Why The WSJ Is A Great Newspaper (‘Different Drum’ Edition)

The Wall Street Journal’s Friday Arena section has a regular feature called Anatomy of a Song, which deconstructs the creation of memorable musical performances.

Up this week: Linda Ronstadt’s ‘Different Drum’.

The It’s-Not-You-It’s-Me Song

When the red light went on at Hollywood’s Capitol Studios in 1967, singer Linda Ronstadt was scared. There to record AR-AE080_RONSTA_DV_20131030111714“Different Drum”—her first lead-vocal single as a member of the Stone Poneys—Ms. Ronstadt was expecting to sing an acoustic ballad version of the song accompanied by her two bandmates.

Instead, a new faster arrangement had been written, a rhythm section and string players were brought in to replace the other two Stone Poneys, and Ms. Ronstadt had just seconds to figure out how she was going to phrase the lyrics and make the song work.

The song had been written by future-Monkee Michael Nesmith and made it to #13 on the Billboard charts. For the Journal feature “Ms. Ronstadt, 67, author of ‘Simple Dreams: A Musical Memoir,’ published in September; Mr. Nesmith, 70; harpsichordist Don Randi, 76, and Stone Poney Bobby Kimmel, 73, talked about the song’s evolution” to reporter Marc Myers.

But before we get to that, the recording itself.


Representative samples from the interviews:

Michael Nesmith: Whenever I wrote, I liked creating little ‘movies of the mind.’ I was thinking about two lovers—one of whom decides they love different things. In later years, comedian Whitney Brown referred to “Different Drum” as the first “it’s not you, it’s me” breakup song.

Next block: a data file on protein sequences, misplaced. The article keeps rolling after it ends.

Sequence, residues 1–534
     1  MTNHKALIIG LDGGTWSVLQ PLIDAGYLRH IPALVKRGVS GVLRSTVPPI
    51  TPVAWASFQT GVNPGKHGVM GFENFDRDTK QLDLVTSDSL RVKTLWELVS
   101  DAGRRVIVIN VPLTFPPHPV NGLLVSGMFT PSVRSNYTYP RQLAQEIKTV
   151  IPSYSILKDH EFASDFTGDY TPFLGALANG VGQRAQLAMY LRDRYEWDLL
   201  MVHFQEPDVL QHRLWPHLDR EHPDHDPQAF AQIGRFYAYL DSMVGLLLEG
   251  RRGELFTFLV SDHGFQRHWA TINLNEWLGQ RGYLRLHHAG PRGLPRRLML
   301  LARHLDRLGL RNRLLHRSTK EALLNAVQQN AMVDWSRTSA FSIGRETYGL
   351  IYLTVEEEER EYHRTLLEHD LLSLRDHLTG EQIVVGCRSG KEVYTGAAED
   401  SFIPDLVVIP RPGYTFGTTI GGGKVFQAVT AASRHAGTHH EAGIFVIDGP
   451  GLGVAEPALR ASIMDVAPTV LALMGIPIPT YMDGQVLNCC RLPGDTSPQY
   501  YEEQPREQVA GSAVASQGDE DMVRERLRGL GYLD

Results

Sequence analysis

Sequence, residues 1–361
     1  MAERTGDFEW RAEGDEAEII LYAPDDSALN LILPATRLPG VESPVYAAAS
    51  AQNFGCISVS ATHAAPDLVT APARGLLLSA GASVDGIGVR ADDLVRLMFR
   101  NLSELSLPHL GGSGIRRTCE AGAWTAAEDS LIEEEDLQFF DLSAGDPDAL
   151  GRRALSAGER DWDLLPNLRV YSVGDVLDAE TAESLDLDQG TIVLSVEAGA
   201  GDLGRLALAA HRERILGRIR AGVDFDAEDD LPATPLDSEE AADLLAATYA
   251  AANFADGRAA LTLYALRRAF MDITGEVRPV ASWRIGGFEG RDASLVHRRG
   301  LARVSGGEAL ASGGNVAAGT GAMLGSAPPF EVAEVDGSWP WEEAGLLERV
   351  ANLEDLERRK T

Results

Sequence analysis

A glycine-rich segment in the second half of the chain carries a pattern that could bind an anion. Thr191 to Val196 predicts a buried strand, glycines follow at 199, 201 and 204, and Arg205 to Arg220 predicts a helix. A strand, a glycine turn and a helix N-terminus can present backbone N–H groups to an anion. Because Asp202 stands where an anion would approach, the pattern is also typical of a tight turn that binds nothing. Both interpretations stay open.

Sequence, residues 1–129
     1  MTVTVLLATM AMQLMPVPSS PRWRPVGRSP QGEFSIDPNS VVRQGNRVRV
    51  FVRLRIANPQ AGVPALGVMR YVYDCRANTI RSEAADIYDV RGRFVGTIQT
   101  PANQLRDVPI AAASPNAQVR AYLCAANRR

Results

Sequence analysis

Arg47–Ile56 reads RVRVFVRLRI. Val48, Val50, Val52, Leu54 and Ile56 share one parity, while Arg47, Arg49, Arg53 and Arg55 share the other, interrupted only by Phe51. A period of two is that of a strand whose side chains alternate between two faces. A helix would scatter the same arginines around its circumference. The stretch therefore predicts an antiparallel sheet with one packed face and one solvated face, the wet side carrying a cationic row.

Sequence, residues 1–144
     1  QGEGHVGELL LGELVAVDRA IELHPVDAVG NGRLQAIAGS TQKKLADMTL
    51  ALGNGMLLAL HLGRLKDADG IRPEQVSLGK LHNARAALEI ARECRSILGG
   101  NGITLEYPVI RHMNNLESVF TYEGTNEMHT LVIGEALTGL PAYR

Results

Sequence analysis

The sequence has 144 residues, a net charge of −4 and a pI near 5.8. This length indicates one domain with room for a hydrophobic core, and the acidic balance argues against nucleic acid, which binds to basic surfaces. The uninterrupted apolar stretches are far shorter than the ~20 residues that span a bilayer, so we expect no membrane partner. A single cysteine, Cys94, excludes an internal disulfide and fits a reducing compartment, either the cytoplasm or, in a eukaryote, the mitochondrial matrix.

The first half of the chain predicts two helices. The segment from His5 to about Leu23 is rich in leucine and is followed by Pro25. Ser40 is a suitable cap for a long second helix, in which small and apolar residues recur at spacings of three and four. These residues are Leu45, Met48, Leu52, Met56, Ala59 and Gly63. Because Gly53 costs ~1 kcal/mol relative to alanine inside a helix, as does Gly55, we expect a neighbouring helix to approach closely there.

Linda Ronstadt: I thought we were going to record an acoustic ballad version of AR-AE081_RONSTA_DV_20131030111744“Different Drum” with Bobby and Kenny. But when I walked into the studio, there were other musicians there I didn’t know. Bobby [Kimmel] and Kenny [Edwards] played on two of the songs, but on “Different Drum,” Nik asked them to sit out.

Bobby Kimmel: Kenny and I didn’t mind. It was always going to be a solo vocal feature for Linda anyway, and Nik wanted more going on instrumentally behind her. Kenny and I stood in the engineer’s booth and watched and listened.

Ms. Ronstadt: We didn’t rehearse. I was just thrown into it. I was completely confused. I didn’t have the lyrics in front of me—I sang them from memory. Since I can’t read music, I didn’t have a lead sheet either. I knew I could remember the words, but I wasn’t sure how to phrase them with the new arrangement and faster tempo.

Don Randi: She had this innocence and humility that won me over. If she had been frightened, you’d never have known it. Linda was so down-to-earth and natural—she even recorded that song barefoot.

Ms. Ronstadt: I’ll be honest—I was never happy with how I sounded. It took me 10 years to learn how to sing before I had skill and craft. Today I will break my finger trying to get that record off when it’s on.

Perhaps because of that, the Journal piece includes this later version.


(For our money, the original version is way better. But maybe that’s just our 18-year-old hormones talking.)

Regardless, read the whole piece. It’s a corker.

P.S. Two years later Ronstadt delivered the emotional flip side to “Different Drum” in the it’s-not-me-it’s-you “Long Long Time” (from Silk Purse).


And while we’re doing the whole balance of power thing, here are two more.

“Long Way Round” (from Hand Sown . . . Home Grown).


“Some of Shelly’s Blues” (from Stone Poneys Vol. III).


That’s it. We’re done.

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4 Responses to Why The WSJ Is A Great Newspaper (‘Different Drum’ Edition)

  1. Curmudgeon says:

    Of course, Linda Ronstadt’s pure, flute-like voice didn’t have anything to do with it or her success.

  2. What were you doing when you were 27? This is what she was doing:

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